Music in Agadir and Ouaga, exhibition and theater in Paris: the cultural agenda of “World Africa”

Every Friday, the cultural agenda of World Africa offers you activities to follow or do on the continent, in France and elsewhere in the world.

  • Congolese arts forgotten at the Quai-Branly museum

The title and the poster hardly suggest the immense wealth of the new exhibition that the Quai-Branly museum is devoting to the arts of the southwest of the Democratic Republic of the Congo (DRC), long forgotten by historians and collectors. Until April 10, “La Part deombre” presents 163 objects from this immense territory which extends to Lake Mai-Ndombe in the north, Kinshasa in the west and the border with Zambia in the south.

Each statue, each mask, pendant, headdress and instrument (hunting saber, comb, neckrest) plunges us into the daily life, which has now disappeared, of around twenty peoples including the Tshokwe, the Mbala, the Yaka, the Yangi and the Pende. Whether they were used to frighten, heal, accompany the coming of age of circumcised boys, distinguish a leader, overwhelm an enemy, attract fortune, honor the memory of a man or simply adorn an outfit or a house. , all the objects tell something about the person who made, wore or collected them.

Among the “jewels” of the exhibition, we will particularly remember the masks pwo, remarkable finesse and expressiveness, but also the statue pindi, sculpted from a branch and which seems to throw its arms into the sky. The exhibits on display also shed light on little-known episodes in history, such as the Pende revolt against colonial exploitation in 1931.

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  • The musical revelations of the “Soko Festival”

Burkinabe singer Flora Paré.

Having become the meeting place for pioneers of musical talent in Burkina Faso, the “Soko Festival” has the particularity of combining concerts on the two stages of the French Institute in Ouagadougou with masterclasses and training in communication or production. . Among the thirty groups and artists expected from January 13 to 15, we can mention the Burkinabe Flora Paré, who became a star in West Africa after her participation in the French-speaking African edition of “The Voice”, the Togolese Charl Ozzo, Senegalese DJ Leuz Zarak, Burkinabé group Taleard, Beninese Koudy Fagbemi and Malian Mariam Koné.

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  • The shadows of France at the Théâtre de la Colline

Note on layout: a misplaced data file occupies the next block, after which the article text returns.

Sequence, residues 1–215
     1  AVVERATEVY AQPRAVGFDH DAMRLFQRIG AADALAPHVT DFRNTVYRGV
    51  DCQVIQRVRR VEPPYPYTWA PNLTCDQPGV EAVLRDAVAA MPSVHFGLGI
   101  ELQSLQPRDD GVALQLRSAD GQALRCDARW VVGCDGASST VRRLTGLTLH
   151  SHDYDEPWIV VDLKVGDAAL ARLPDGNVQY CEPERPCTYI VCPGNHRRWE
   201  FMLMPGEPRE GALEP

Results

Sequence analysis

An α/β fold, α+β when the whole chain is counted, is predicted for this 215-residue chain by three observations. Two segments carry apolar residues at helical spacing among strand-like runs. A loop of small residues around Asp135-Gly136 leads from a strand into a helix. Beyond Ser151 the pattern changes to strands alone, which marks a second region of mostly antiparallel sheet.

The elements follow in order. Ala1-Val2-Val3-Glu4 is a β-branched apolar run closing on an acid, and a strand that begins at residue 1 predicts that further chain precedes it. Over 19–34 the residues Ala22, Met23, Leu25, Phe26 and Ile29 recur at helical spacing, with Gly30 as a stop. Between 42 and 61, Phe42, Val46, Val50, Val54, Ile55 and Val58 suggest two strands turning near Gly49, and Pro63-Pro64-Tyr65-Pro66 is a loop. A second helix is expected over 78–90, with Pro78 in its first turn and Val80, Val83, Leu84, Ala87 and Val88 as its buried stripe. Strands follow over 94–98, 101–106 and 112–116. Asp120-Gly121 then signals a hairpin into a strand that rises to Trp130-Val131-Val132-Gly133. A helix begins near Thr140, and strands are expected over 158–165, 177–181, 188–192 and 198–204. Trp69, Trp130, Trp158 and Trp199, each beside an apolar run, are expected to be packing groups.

The director Alexandra Badea, in Avignon, in July 2019.

The massacre of Senegalese infantrymen by French gendarmes and colonial troops in Thiaroye, on 1is December 1944; that of Algerian demonstrators in Paris, on October 17, 1961; the forced exile of young Reunionese uprooted between 1963 and 1982 in order to repopulate the rural areas of the metropolis.

These are the three dark pages of French history that the French writer and director of Romanian origin Alexandra Badea explores in her trilogy “Points of non-return”, at the Théâtre de la Colline, in Paris, on January 12 to February 6. The idea germinated in her when, during her naturalization ceremony in 2013, it was declared: “From now on, you must take responsibility for the history of this country, with its moments of grandeur and its dark corners. »

From his work with a team of artists “Like France today” were born Thiaroye, Quays of the Seine and Diagonal of the void. Three opuses that explore the question of memory and its transmission from one generation to another by orchestrating on stage the confrontation of eras, experiences and speeches. The pieces can be seen separately during the week, or as a continuation on weekends during a large seven-hour day interspersed with two intermissions. An unforgettable theatrical experience.

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  • Amazigh music in Marrakech

Moroccan singer Meryem Aassid.

The French Institute of Agadir has chosen January 13, the date for the celebration of the Amazigh New Year, to close the “Tekchbila” artistic residency in music and in public. Started in April 2021 in the region of Souss-Massa, in southern Morocco, the project brings together Moroccan electronic music producers, contemporary Amazigh artists and local Amazigh troupes, with the aim of raising awareness of Amazigh music in Morocco. The concert on January 13, at 7 p.m., will show the result of a year’s work during a concert featuring a multimedia exhibition and accompanied by a video jockey. Among the artists present, the jazz singer Meryem Aassid, whose sublime voice is to be discovered absolutely.

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Music in Agadir and Ouaga, exhibition and theater in Paris: the cultural agenda of “World Africa”